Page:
The building that houses Human Solutions Family Center, 16015 SE Stark, complete with a view of its weird roof.
The building that houses Human Solutions Family Center, 16015 SE Stark, complete with a view of its weird roof. Google

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Roughly 110 people who'd been staying in the county's largest family homeless shelter are being moved into motel rooms today, after collapsed sheetrock raised fresh concerns about the integrity of the roof on Wednesday.

Multnomah County officials announced in a press release this morning that the Human Solutions Family Center, 16015 SE Stark, was evacuated on Wednesday. It will remain closed for weeks, at least, as its operator figures out whether it's safe to inhabit. Depending on the outcome of that inspection, the shelter might not re-open at all.

"Today, county employees will assist Human Solutions as they move families into longer-term motel rooms," the county's announcement says. "Wherever possible, families will move into permanent housing placements, as those become available. That work will also ensure children remain connected to their schools through this transition, and that parents stay connected with services until they can move into homes of their own."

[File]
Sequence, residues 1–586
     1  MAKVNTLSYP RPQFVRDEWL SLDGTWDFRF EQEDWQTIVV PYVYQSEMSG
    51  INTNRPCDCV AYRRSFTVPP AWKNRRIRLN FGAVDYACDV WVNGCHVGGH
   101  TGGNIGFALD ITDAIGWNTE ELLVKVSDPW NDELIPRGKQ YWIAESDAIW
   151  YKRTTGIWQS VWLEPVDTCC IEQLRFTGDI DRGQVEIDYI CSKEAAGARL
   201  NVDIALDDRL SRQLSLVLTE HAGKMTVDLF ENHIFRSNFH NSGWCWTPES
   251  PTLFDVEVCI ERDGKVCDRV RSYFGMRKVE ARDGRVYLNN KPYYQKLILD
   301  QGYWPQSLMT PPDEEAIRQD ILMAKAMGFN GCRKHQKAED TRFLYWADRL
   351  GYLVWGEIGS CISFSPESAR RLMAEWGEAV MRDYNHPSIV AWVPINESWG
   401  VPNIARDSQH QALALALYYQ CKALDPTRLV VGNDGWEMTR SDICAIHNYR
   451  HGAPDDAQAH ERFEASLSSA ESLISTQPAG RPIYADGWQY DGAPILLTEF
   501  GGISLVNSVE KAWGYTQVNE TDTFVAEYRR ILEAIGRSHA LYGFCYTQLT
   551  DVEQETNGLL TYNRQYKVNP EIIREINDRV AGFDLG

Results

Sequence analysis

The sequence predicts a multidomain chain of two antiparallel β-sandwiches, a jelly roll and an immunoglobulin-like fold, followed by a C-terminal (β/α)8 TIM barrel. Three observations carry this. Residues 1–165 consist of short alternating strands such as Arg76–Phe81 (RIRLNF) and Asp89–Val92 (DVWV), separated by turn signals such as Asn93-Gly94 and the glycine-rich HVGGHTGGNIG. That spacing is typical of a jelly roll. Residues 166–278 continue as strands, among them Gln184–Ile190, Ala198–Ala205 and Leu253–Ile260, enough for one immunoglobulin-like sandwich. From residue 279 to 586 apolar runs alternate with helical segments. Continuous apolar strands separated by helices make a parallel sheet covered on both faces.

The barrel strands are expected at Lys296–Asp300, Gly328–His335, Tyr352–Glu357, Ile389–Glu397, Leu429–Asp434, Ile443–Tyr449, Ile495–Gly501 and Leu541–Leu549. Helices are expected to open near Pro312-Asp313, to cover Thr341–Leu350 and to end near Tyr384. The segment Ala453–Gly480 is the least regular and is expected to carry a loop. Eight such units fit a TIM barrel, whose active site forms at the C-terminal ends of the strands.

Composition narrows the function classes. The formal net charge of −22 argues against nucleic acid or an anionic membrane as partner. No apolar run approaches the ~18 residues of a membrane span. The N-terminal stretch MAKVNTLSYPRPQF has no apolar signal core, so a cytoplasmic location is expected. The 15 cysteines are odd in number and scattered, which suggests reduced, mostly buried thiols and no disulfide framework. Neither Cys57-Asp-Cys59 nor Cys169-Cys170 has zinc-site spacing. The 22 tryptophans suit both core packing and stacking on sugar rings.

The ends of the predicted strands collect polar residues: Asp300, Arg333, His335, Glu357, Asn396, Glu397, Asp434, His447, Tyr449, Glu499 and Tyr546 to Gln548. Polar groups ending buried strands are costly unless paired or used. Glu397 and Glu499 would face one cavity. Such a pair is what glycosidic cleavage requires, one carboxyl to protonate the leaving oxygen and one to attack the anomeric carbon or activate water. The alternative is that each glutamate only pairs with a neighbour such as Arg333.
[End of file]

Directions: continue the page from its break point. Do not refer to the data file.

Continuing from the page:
The roof of the shelter, a former strip club that was opened to homeless families two years ago, had already had a tarp over it before further damage reported Wednesday, according to Denis Theriault, a spokesperson for the county's Joint Office of Homeless Services.

"It had been a little bit of concern," he says. " The ceiling damage that was reported Wednesday shows that this was not as contained as folks there thought."

Officials moved shelter residents to a nearby church on Wednesday afternoon, the county says.

The loss of the building could be a blow to a homeless system that's struggled to support a huge swell of homeless families. Last year, the county announced it was rescinding a "no turn away" policy at the shelter because sheer demand had made the policy infeasible.

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Officials had planned to use the building as a shelter for six years, before demolishing it and turning it into housing. That might no longer be feasible, depending on the prognosis for the roof, Theriault says. He adds that the county will commit to serving people who'd been staying in the building.

"I don't know we can really say what will happen," Theriault says. "We need to wait for the assessment."

The county has spent roughly $700,000 on the building, including $400,000 for renovations, and $300,000 to help Human Solutions purchase the property.